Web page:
It is a growing market, he says, but for Nationwide to increase its market share further is difficult, such is its dominance.
So when planning growth strategy, Lavendon has a challenge on its hands.
Its focus is on increasing its share of local business, from local contractors who maybe see no benefit in going to the market leader for platforms and prefer a local company to a national one.
While all Nationwide depots also have their local customers, accounting for close to 50 per cent of their turnover, they are competing for this business with a host of smaller players, who exclusively service local accounts.
Recognising the difficulties of presenting Nationwide as a friendly neighbourhood access supplier as well as a big national corporate machine, Lavendon has adopted a two-pronged approach to the market.
Through acquisitions, Lavendon is establishing a local business network to sit alongside Nationwide.
Already this year it has acquired Dunstable-based Panther Work Platforms (1,300 machines out of six depots), Bristol-based Kestrel (350 machines out of one dept) and Taunton-based AMP Access (525 machines out of four depots).
An alternative and potentially cheaper way to grow the business might have just been to buy more machines, but Mr Appleton counters: 'We have taken the view that it is better to consolidate the market than to add capacity.'
The strategy also gives Lavendon a degree of protect ion to a downtu rn in const ruct ion. Indust r ial and commercial construction accounts for 50 to 60 per cent of Nationwide's business, Mr Appleton says, while the regional and local businesses tend to be more active in the repair and maintenance sector.
Nationwide depots will continue to serve their local customers as well as the national accounts. The acquired companies are sister companies to Nationwide, not subsidiaries. Although they will be able to exploit cross-hiring opportunities, they will retain their own identity and branding, at least for the time being.
'We don't foresee any change in the branding of those businesses for at least a couple of years, ' Mr Appleton says.
Further ahead, it may be appropriate to explore some rationalisation of identity, but they will not come under the Nationwide umbrella nor will they be called Lavendon, since the Lavendon name is not well known in the marketplace, says Mr Appleton .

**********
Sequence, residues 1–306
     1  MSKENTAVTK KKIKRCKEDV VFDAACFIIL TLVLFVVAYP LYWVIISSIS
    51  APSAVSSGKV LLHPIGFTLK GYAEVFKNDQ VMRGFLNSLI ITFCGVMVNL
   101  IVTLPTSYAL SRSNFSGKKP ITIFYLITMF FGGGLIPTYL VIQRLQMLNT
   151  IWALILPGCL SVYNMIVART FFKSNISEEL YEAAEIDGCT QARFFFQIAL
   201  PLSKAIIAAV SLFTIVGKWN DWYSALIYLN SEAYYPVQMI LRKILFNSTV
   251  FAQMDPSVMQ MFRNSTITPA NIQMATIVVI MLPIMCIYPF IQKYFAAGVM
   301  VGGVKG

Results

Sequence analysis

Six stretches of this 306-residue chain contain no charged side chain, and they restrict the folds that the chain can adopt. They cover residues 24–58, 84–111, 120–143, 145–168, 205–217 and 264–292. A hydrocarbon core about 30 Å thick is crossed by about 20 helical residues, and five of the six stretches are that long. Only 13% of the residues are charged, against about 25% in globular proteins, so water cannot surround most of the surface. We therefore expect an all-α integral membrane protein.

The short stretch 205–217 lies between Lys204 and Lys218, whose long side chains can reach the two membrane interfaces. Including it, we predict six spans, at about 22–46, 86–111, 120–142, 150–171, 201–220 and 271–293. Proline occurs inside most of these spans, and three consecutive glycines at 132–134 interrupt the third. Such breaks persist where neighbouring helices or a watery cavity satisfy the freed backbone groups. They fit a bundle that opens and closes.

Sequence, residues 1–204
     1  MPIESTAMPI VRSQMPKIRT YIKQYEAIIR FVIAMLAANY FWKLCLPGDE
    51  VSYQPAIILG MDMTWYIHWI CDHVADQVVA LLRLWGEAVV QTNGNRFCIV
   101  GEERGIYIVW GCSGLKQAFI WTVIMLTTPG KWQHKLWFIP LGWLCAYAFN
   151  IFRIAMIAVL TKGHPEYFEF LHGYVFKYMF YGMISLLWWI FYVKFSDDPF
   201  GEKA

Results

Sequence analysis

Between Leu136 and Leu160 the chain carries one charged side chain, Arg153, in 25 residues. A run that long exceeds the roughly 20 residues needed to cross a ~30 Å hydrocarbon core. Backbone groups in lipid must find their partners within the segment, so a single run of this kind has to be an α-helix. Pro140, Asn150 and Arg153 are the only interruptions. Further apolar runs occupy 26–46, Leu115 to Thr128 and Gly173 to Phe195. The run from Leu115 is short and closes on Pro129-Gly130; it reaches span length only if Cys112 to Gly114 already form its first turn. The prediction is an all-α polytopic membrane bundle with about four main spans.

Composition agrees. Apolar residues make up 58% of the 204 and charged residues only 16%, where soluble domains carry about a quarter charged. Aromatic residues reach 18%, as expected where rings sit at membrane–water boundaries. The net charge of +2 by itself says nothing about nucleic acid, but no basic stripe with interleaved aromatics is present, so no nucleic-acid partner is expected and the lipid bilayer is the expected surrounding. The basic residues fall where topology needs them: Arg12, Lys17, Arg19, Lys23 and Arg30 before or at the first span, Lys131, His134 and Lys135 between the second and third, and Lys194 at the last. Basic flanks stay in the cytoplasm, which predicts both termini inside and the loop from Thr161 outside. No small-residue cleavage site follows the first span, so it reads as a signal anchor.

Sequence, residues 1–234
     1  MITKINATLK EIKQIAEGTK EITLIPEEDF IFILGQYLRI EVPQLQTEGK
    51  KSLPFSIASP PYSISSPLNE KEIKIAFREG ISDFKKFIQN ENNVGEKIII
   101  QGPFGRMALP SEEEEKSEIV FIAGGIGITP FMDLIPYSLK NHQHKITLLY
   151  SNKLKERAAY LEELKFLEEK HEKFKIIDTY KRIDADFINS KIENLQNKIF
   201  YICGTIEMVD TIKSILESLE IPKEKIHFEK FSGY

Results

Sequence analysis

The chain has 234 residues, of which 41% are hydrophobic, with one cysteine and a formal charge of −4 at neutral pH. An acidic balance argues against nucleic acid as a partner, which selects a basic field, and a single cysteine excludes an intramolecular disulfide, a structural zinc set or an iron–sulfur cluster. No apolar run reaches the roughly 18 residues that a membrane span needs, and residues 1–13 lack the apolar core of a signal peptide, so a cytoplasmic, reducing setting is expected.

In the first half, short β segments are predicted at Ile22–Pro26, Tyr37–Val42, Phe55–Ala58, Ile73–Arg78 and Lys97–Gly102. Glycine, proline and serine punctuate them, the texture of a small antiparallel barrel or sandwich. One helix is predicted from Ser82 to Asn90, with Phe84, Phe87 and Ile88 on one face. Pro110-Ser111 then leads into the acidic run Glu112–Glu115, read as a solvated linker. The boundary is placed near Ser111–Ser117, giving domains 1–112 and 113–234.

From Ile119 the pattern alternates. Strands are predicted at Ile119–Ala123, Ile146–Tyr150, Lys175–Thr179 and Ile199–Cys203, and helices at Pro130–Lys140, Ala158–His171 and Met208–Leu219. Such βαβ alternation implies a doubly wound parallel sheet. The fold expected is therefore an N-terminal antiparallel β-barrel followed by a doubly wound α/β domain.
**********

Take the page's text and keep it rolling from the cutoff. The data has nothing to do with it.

More acquisitions can be expected. 'We are not going to acquire at any price, but we will be - and are - keeping our eyes open for regional or local businesses that are a good scale, well managed and well established , ' Mr Appleton says.
Hugh Cole's £12.5m shopping spree
NATIONWIDE is investing £4.5 million on a fleet of 60 new Daf trucks. The three-month replacement programme will be complete at the end of August.
Each truck has the driver's name on it to give a sense of ownership, and there is a newsletter just for the drivers.
The rationale, Mr Cole explains, is that while hire desk staff are the first interface with the customer, it is the drivers who actually get out there at meet them.
'Our drivers are absolutely crucial in the customer interface, ' he says.
'That's the face of Nationwide Access on site, the truck.'
He says recognising their importance has also helped to reduce the tu rnover of d r ivers, and is now looking to develop the concept further, providing customer service training.
After all, it is the drivers who have to know how to handle the wrath of customers when the equipment is late or faulty, and they have to be able to address customers when equipment is found to be damaged on collection.
Nationwide is also investing £1 m illion in engineers' vans and £7 million in its access f leet.
This includes a refurbishment programme for all its 45 ft Genie boom lifts, the workhorse of the f leet - 'the Vauxhall Vectra' as Mr Cole puts it. It is a three- to four-year programme, putting three units a week through Genie's facility in Grantham at a cost of about £8,000 per unit.
Managing a hire business is a tricky juggling job of low-rate, longterm hires and high-rate, short-term hires.
The business requires 'a lot of analysis and thought between best customer service and managing the asset base sensibly to get a good return, ' Mr Cole says.
Although short-term hires bring a higher margin, it is 'more onerous, needs more precise delivery and collection and better service, ' he explains.
Larger machines also achieve h igher margins, so Nat ionwide has recently added four 135 ft boom lifts, the Genie S135.
But smaller machines are also needed by customers, particularly in fit-out stages of projects and for M&E work.
Demand for smaller machines, in particular, has been boosted by last year's introduction of the Work at Height Regulations.
Nationwide has added some 350 19 ft electric scissor lifts in the past 12 months, a good number of which have been at work on the Heathrow Terminal 5 project.